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Tyler, the Creator brings eclectic electricity to Oakland Arena

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THEO WYSS-FLAMM | SENIOR STAFF

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APRIL 11, 2022

On April 1, transgressive musical artist Tyler, the Creator flipped off his audience. “That’s the best y’all f—ing got?” he ribbed after soaking in their boos and “f— you” chants. “Y’all trash.” 

He could easily be deemed irreverent, but cheeky suits him far better. Spunky and sweetly sardonic, the rapper has been parading around North America since February in the Call Me If You Get Lost Tour. The title was fitting, but not because it paid homage to his 2021 album of the same name. Unaccompanied on stage, Tyler managed to captivate alone, beguiling the stadium with his hyper-specific brand of magnetism. To attend the show was to enter a world entirely governed by the artist, with his off-kilter charm and pastel dreamscape. Easy to get lost in, Tyler was a guiding force, never swallowed by the spectacle. 

As the light dimmed on Oakland Arena, a video of lush and manicured landscapes played out on a screen, the backdrop to Tyler’s striking entrance as he rose from beneath the stage seated in a vintage teal car. Daffodil yellow and sky blue cheetah print graced his loose button-down, confusingly complementing his fuzzy white trapper hat and the summery, supercilious lyrics of “SIR BAUDELAIRE.”

A man dressed in a penguin tail tuxedo assisted Tyler from his car and handed him his single twee suitcase. As he romped and rollicked to the pumping bass of  “CORSO,” the screen lifted to unveil a towering, ornate and powder blue villa-turned-playground.

Tyler is the multi-hyphenate to end all multi-hyphenates: rapper-producer-fashion designer-former skater kid and, above all, an artist. Elevating the bar for himself one notch higher, the more forceful rap of the opening numbers faded into a myriad of lilting harmonies and warm synth piano. A jet boat rose above the floor audience members, and the flirty “WUSYANAME” got the audience swaying like the sea his boat needed as he danced on the bow.

The constant change of tone kept the show dynamic. Narcotic strings and scattered chimes  flourished as the boat decked at a platform arrayed with shoots of long grass. Blues and purples pooled into reds and oranges as the opening notes of “Boredom” sent the crowd into a frenzy of cheers. Tyler fluttered around the platform taking an air of ease with him, breezily rapping the verses of the 2017 hit. 

As Tyler stood in an orange haze and grassy plain, a soporific sunset swathed the stage, and his audience took hold of “See You Again.” Hands on hips and an apathetic posture, his effect never let up, quietly commanding the crowd even when he stood still.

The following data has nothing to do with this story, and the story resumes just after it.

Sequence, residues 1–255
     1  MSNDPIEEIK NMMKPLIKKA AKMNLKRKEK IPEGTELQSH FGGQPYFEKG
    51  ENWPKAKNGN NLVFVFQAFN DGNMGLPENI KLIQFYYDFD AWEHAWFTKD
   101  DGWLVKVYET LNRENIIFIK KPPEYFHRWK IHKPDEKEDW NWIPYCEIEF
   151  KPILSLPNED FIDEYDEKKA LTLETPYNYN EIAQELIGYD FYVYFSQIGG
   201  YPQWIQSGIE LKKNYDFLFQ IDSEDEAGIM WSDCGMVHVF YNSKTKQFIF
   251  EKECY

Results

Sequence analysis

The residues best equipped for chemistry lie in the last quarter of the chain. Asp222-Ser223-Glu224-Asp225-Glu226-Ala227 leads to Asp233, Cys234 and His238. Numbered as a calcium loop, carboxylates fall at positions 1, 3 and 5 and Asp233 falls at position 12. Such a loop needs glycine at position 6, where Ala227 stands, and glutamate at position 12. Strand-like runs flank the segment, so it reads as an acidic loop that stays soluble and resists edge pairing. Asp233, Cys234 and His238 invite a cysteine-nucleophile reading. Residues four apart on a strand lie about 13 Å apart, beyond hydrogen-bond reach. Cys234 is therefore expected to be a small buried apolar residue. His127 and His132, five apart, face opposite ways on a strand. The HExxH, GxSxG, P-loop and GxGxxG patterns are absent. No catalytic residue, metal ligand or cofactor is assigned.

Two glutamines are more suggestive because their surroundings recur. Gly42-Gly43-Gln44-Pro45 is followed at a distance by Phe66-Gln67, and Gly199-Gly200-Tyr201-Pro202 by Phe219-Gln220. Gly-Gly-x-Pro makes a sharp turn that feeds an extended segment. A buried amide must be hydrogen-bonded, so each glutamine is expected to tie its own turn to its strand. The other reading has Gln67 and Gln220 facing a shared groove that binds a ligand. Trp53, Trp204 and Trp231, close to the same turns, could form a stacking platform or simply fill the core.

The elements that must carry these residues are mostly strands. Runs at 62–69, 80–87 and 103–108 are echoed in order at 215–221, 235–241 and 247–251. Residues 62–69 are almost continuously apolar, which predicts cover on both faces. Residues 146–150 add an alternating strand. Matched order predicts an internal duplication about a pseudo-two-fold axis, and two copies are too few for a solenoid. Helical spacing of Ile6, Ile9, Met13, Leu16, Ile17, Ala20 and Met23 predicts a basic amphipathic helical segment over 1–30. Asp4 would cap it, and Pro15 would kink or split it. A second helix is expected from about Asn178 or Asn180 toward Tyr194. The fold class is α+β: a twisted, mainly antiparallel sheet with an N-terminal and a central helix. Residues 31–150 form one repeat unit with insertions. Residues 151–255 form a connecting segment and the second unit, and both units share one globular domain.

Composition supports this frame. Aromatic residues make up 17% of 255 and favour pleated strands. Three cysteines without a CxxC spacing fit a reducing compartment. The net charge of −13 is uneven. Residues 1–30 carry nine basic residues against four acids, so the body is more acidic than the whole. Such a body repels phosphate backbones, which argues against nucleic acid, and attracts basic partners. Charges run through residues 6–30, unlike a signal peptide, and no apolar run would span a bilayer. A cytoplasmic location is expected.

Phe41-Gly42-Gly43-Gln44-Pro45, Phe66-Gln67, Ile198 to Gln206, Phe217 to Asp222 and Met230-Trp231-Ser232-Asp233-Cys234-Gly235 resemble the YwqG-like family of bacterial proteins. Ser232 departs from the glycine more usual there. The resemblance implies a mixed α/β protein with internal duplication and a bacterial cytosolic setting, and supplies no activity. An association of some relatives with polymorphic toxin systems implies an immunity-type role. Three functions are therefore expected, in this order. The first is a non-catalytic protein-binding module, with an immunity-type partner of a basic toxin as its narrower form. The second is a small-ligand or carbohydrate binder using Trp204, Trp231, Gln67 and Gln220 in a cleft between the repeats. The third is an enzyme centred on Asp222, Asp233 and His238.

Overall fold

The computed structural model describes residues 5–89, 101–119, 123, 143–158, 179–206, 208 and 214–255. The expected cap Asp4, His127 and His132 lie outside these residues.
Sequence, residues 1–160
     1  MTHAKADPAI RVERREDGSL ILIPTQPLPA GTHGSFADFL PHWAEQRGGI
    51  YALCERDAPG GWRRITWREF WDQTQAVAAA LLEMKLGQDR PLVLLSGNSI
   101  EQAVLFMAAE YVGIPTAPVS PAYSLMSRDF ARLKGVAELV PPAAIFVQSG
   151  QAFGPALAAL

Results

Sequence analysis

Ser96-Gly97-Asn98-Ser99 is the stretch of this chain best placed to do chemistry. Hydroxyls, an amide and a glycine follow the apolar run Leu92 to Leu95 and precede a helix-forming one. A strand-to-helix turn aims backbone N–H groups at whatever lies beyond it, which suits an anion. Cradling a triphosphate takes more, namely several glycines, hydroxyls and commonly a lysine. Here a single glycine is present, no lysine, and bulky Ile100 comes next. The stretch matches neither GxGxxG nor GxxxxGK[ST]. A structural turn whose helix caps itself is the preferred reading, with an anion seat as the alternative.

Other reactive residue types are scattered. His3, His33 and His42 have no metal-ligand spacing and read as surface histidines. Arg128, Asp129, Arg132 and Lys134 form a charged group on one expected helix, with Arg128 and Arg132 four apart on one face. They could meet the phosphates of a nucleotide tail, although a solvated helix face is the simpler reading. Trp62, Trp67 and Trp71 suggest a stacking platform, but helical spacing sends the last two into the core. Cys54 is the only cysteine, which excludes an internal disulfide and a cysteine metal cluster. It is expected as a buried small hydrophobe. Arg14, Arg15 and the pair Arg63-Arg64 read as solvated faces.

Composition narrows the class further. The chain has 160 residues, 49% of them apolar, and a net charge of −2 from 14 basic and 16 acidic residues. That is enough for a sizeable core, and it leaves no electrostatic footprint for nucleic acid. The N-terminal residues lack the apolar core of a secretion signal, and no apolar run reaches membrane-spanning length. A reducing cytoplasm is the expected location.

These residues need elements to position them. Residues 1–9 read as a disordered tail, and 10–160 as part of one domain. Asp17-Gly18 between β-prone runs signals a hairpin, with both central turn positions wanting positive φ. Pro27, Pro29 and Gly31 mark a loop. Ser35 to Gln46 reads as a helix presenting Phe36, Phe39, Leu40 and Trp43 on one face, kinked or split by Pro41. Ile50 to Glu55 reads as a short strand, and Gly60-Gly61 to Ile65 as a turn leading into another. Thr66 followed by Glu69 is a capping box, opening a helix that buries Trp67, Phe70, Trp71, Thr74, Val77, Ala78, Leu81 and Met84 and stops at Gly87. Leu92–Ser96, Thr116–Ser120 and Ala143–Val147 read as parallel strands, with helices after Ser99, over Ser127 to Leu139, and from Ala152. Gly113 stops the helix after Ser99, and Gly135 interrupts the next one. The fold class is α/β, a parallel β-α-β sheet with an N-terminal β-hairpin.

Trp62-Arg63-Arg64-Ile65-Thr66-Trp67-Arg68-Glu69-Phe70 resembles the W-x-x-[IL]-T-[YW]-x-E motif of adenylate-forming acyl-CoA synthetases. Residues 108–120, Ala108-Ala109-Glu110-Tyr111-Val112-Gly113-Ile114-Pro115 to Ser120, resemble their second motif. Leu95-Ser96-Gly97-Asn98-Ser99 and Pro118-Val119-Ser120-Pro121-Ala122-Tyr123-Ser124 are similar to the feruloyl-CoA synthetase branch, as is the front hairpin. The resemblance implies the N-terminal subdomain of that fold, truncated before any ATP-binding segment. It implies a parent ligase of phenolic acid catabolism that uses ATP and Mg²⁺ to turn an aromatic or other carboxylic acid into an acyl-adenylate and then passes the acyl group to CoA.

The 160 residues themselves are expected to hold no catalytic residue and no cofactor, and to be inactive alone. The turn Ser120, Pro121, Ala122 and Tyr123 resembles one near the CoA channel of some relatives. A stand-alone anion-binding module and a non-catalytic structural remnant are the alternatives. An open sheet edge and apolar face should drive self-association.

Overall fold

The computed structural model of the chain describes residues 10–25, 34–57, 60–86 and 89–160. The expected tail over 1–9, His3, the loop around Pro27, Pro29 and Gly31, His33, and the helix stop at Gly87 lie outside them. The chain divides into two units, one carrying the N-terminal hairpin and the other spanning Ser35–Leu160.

“I know the answer, but I have to ask because it strokes my ego,” he said after bobbing through “911/Mr. Lonely.” “Do you mind if I play some older songs?” A resounding yes translated into cheers and overhead claps. Even while dipping into songs from pre-2014 like “She” and “IFHY,” he captivated with the same eccentric yet enthralling energy, bopping across the stage. 

After sailing the boat back to the mainstage through the appropriately calypso-esque “SWEET/I THOUGHT YOU WANTED TO DANCE,” the steel drum shifted to stifled sirens as green flashes illuminated him, his back turned and his neck slightly tilted. As “Who Dat Boy” kicked in, blasts of fire erupted behind him after ripping off his hat and thrashing around the stage — an unstoppable force jumping and kicking in a chaos that maintained a beat.   

As the show neared its end, Tyler stood, hands at his sides, staring on an audience belting the prelude to “EARFQUAKE,” trusting in them to build up the intro without him. When the chorus hit, sparklers cascaded behind him in a waterfall of light, capturing the catharsis of singing a favorite song with the person who wrote it. 

Before walking through the large house’s door, he offered a repose to the sarcastic, creative fireball that performed for those 90 minutes with an earnest expression of gratitude. Though he closed the door behind him, the crowd buzzed with an infectious electricity that buoyed the night.

Contact Afton Okwu at [email protected].
LAST UPDATED

APRIL 12, 2022


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